When I was twelve, my father came home one afternoon and I heard him tell my mom he was fired, something about money and his accounts. They started yelling and I left the house the back way and took the bus to New Haven where I looked at stuff in Grants and Woolworth's. I spent 25 cents of my money on a vanilla milkshake at Grants, which came with a shortbread cookie. I had saved about $2 from stealing the empty bottles behind Benson's Package Store and turning them in at the A & P.

I walked three blocks to the New Haven Arena. The lobby doors were open. No one was there to stop me, so I went through a portal and saw the rink for the first time, the ceiling lights reflected off the mirror surface, red and blues lines for hockey, a big New Haven Blades sign at center ice. It reminded me of the rink in my imagination. I walked around it, counting my steps and wondering how it would feel to have that much space to skate. When I came home, my mother was sitting in the kitchen, reading the newspaper. She gave me a slight smile and asked if I wanted a cookie.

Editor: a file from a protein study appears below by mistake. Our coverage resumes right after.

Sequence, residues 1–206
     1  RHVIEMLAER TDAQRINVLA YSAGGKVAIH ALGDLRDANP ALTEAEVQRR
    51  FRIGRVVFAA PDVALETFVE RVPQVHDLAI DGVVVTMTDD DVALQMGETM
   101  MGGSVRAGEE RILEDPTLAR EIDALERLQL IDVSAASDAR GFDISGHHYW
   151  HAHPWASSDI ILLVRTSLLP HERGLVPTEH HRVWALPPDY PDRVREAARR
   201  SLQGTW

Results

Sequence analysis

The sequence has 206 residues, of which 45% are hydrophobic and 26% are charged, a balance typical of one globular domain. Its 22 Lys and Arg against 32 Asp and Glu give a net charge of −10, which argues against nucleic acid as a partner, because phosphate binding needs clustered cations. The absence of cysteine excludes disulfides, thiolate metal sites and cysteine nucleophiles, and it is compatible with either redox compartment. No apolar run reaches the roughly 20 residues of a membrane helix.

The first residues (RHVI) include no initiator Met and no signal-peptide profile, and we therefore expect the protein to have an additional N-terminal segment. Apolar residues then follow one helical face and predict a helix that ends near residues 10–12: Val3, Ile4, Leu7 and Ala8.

"No thanks. Where's Dad?"

"He's out," my mother said. "We're having eggs for supper." She went back to her newspaper.

I put on my skates and sprayed water over my rink, imagining it was the one I'd just seen in New Haven. Then I skated faster than I ever had before; counting the seconds it took me to reach the number of steps around the Arena ice, in case I ever had the chance to skate there.